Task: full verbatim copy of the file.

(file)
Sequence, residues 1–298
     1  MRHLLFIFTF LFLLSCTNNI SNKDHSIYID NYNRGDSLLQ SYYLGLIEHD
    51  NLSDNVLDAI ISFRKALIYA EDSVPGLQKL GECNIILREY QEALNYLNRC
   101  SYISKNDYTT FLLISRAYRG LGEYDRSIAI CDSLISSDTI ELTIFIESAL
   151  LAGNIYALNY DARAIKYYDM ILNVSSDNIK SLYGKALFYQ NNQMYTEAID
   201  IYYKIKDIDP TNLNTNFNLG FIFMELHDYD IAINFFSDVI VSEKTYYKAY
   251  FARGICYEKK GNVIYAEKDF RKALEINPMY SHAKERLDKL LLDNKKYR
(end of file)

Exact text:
Sequence, residues 1–298
     1  MRHLLFIFTF LFLLSCTNNI SNKDHSIYID NYNRGDSLLQ SYYLGLIEHD
    51  NLSDNVLDAI ISFRKALIYA EDSVPGLQKL GECNIILREY QEALNYLNRC
   101  SYISKNDYTT FLLISRAYRG LGEYDRSIAI CDSLISSDTI ELTIFIESAL
   151  LAGNIYALNY DARAIKYYDM ILNVSSDNIK SLYGKALFYQ NNQMYTEAID
   201  IYYKIKDIDP TNLNTNFNLG FIFMELHDYD IAINFFSDVI VSEKTYYKAY
   251  FARGICYEKK GNVIYAEKDF RKALEINPMY SHAKERLDKL LLDNKKYR